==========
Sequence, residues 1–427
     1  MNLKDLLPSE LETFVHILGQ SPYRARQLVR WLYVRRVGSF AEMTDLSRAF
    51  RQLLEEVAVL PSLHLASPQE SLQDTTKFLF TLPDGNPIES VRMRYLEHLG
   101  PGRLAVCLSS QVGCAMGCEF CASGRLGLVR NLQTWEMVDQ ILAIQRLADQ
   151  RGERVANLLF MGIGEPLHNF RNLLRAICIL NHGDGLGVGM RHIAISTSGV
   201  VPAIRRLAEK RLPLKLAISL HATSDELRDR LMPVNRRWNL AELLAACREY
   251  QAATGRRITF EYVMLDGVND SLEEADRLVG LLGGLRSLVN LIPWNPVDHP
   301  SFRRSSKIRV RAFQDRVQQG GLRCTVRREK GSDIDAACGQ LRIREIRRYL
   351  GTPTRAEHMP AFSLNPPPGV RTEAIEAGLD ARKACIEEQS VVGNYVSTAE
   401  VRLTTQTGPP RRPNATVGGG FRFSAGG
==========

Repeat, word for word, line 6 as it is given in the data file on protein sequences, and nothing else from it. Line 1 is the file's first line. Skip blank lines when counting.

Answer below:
   201  VPAIRRLAEK RLPLKLAISL HATSDELRDR LMPVNRRWNL AELLAACREY